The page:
In today’s news, the lawyer who “leaked” J.K. Rowling’s secret identity as Robert Galbraith was fined for breaching a client confidence. Below is my version of what might have happened had the case gone to trial.
News Item: J.K. Rowling Settles Legal Action With Russells Solicitors – UPI
News Item: Lawyer Behind J.K. Rowling ‘Galbraith’ Leak Fined £1,000 – The Bookseller
BAILIFF: Hear ye, hear ye, hear ye! The Queen’s Bench Division of Her Majesty’s High Court of Justice is now in session, the Honorable Percy Utley-Hampstead presiding.
THE COURT: Ladies and gentlemen of the jury, we are here today in the matter of Rowling v. Russells Solicitors, et al., which is a civil action for damages resulting from the defendants’ alleged leak of the plaintiff’s secret identity. Mr. Mayhew, please call your first witness.
MORTIMER TIPTON-MAYHEW, QC: Thank you, your Lordship. The plaintiff calls, well, the plaintiff, Ms. Joanne Rowling.
THE WITNESS, MS. ROWLING, IS DULY SWORN.
BY MR. TIPTON-MAYHEW: Please state your name for the record.
MS. ROWLING: I’m afraid that’s rather complicated.
TIMOTHY ERSKIN-FINCH, QC: Objection!
THE COURT: Quite right, Mr. Mayhew. We must have the witness’ name.
MS. ROWLING: Very well. I am J.K. Rowling.
MR. TIPTON-MAYHEW: Your occupation, madam?
MS. ROWLING: I am an author. Not only of the beloved young adult fiction for which I am world-famous, but also of literary fiction and now, under the name Robert Galbraith, of crime fiction as well.
MR. TIPTON-MAYHEW: Bit of an all-rounder, one might say?
MS. ROWLING: One might.
MR. TIPTON-MAYHEW: Please describe the injury you suffered as a result of the defendants’ disclosure that the true author of the novel The Cuckoo’s Calling, published under the pseudonym of this Galbraith chap, was in fact you, the famous J.K. Rowling.
MS. ROWLING: I was angry and distressed that my confidences had been betrayed, and this was very much aggravated by repeated speculation that the leak had been, in fact, a carefully-coordinated publicity stunt by me, my agent, and my publishers to increase sales.
MR. TIPTON-MAYHEW: Thank you, madam. No further questions.
THE COURT: Cross-examination?
BY MR. ERSKIN-FINCH: Thank you, your Lordship. Now Ms. Rowling, the income from your novels and related properties has made you the thirteenth wealthiest woman in the United Kingdom, has it not?
MS. ROWLING: Twelfth, thirteenth. Who’s counting, really?
MR. ERSKIN-FINCH: Wealthier than Her Majesty, the Queen?
MS. ROWLING: Well . . .
MR. ERSKIN-FINCH: And yet The Cuckoo’s Calling sold only a few hundred copies until your true identity was revealed, after which the book leapt to the top of the bestseller lists, prompting your publisher to print an additional 140,000 copies.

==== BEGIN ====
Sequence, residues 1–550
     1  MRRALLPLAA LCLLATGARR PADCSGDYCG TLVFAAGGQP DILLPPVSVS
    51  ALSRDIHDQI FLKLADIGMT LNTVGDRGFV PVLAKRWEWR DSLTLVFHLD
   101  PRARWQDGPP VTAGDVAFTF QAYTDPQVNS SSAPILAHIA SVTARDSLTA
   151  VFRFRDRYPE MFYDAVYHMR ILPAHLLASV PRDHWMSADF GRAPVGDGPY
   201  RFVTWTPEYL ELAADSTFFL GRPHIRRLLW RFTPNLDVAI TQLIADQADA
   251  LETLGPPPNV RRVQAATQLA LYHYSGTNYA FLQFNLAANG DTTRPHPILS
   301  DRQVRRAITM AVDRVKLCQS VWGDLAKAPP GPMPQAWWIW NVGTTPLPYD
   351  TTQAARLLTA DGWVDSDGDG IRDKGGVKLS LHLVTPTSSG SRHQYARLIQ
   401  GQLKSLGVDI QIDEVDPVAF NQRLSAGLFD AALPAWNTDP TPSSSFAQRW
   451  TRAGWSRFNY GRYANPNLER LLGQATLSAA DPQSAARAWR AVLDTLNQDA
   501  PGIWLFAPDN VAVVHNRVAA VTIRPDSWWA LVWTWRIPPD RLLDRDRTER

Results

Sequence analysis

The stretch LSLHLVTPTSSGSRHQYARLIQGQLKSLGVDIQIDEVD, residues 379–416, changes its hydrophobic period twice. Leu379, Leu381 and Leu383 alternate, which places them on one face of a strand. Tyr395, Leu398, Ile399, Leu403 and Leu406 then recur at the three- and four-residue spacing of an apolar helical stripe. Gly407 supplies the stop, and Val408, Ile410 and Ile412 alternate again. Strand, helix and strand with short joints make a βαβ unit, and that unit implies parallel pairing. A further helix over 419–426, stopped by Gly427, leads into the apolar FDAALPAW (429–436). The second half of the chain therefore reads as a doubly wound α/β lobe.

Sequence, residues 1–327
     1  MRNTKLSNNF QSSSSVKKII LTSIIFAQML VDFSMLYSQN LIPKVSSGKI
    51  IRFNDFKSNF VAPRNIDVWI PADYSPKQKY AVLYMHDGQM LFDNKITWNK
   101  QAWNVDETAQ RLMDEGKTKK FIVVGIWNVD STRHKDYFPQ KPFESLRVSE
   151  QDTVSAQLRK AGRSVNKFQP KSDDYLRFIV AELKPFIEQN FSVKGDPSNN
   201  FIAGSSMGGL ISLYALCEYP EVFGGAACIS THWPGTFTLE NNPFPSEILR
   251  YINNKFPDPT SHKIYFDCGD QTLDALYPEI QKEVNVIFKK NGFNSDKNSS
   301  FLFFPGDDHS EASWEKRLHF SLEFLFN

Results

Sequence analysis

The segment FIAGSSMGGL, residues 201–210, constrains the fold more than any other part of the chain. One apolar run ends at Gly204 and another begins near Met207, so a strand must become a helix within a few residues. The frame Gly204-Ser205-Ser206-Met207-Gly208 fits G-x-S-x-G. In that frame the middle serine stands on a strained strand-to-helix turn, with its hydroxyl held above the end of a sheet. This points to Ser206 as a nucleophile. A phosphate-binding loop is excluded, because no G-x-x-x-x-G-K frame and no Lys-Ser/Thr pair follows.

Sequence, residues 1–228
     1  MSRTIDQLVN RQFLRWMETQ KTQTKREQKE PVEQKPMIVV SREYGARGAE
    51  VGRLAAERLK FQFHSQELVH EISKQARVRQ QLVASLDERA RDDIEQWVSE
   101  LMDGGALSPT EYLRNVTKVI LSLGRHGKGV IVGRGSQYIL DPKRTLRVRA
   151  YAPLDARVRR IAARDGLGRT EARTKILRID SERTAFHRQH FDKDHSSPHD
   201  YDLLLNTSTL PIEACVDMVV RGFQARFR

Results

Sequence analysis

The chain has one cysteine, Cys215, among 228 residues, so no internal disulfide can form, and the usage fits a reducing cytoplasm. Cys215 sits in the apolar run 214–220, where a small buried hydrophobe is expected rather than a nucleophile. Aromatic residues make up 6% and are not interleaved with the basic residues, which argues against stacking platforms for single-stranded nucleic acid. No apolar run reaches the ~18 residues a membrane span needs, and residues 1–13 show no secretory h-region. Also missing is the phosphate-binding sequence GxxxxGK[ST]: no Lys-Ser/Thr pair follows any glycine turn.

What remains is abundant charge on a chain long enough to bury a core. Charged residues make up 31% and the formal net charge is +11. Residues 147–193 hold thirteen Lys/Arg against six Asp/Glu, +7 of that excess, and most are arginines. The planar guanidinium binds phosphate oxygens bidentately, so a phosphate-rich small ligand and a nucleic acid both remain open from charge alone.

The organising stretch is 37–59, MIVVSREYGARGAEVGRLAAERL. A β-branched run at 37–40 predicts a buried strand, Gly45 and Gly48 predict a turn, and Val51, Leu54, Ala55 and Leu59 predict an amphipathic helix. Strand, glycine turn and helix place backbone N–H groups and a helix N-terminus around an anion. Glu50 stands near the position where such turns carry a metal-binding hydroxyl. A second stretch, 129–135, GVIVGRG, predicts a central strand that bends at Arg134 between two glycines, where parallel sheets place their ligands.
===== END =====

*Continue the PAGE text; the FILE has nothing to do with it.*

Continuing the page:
MS. ROWLING: All true.
MR. ERSKIN-FINCH: Will you please explain to the ladies and gentlemen of the jury how it’s possible that you’ve been damaged by overnight success and millions upon millions in sales revenue?
MS. ROWLING: Gladly.
(THE WITNESS TURNS TO THE JURY.)
When I first wrote Harry Potter and the Philosopher’s Stone, I didn’t set out to be rich or famous. No, I only wanted to be a writer – an ink-stained wretch in a ratty track suit, eating tinned anchovies and ignoring personal hygiene, spending nine, ten hours a day for years on end squinting at a blinking cursor and ruing the day I’d begun this godforsaken, soul-sucking novel that no one but my dog would ever read. You see, I wanted to suffer. I wanted to endure rejection and condescension from agents and editors who’d never actually written anything in their lives. Scorn from the publishers of diet books, and celebrity memoirs, and cozy mysteries with titles like Death Takes a Hollandaise. Pity from friends and family.
And then I wanted to sign a publishing contract – oh, happy day! – with a £1,000 advance against a ten percent royalty, only to pay for my own jacket photograph, my own publicist, my own book tour. I wanted to post status updates on Facebook touting my latest review on Goodreads. I wanted to attend writers’ conferences at my own expense, where I’d be charged tuition in order to sit on panels with names like “Crafting the Query Letter” and tell starry-eyed newbies how they too might one day live the glamorous life of the writer.
But alas, it was never to be. The Harry Potter books were a sensation, and you know the rest. Translation into sixty languages. Hundreds of millions sold. Then the film franchise, and the theme park. Soon I’d amassed a personal fortune of over £500 million. The dream, of course, was dead.
THE COURT: A tissue, Ms. Rowling?
MS. ROWLING: Thank you, your Lordship.
And then one day it hit me – the dream wasn’t dead after all! I could simply start over, not as J.K. Rowling, world’s most successful living author, but as Robert Galbraith, a former Royal Military Police investigator turned debut crime novelist. That was the ticket! And it was going quite brilliantly – obscurity, poor sales – when suddenly it all fell to pieces. Success, that cruel and fickle mistress, had returned again to haunt me, leaving me with only one alternative.
MR. ERSKIN-FINCH: Litigation?
MS. ROWLING: Naturally. Somebody had to pay.
Chuck Greaves is the author of three novels, most recently Green-Eyed Lady (Minotaur).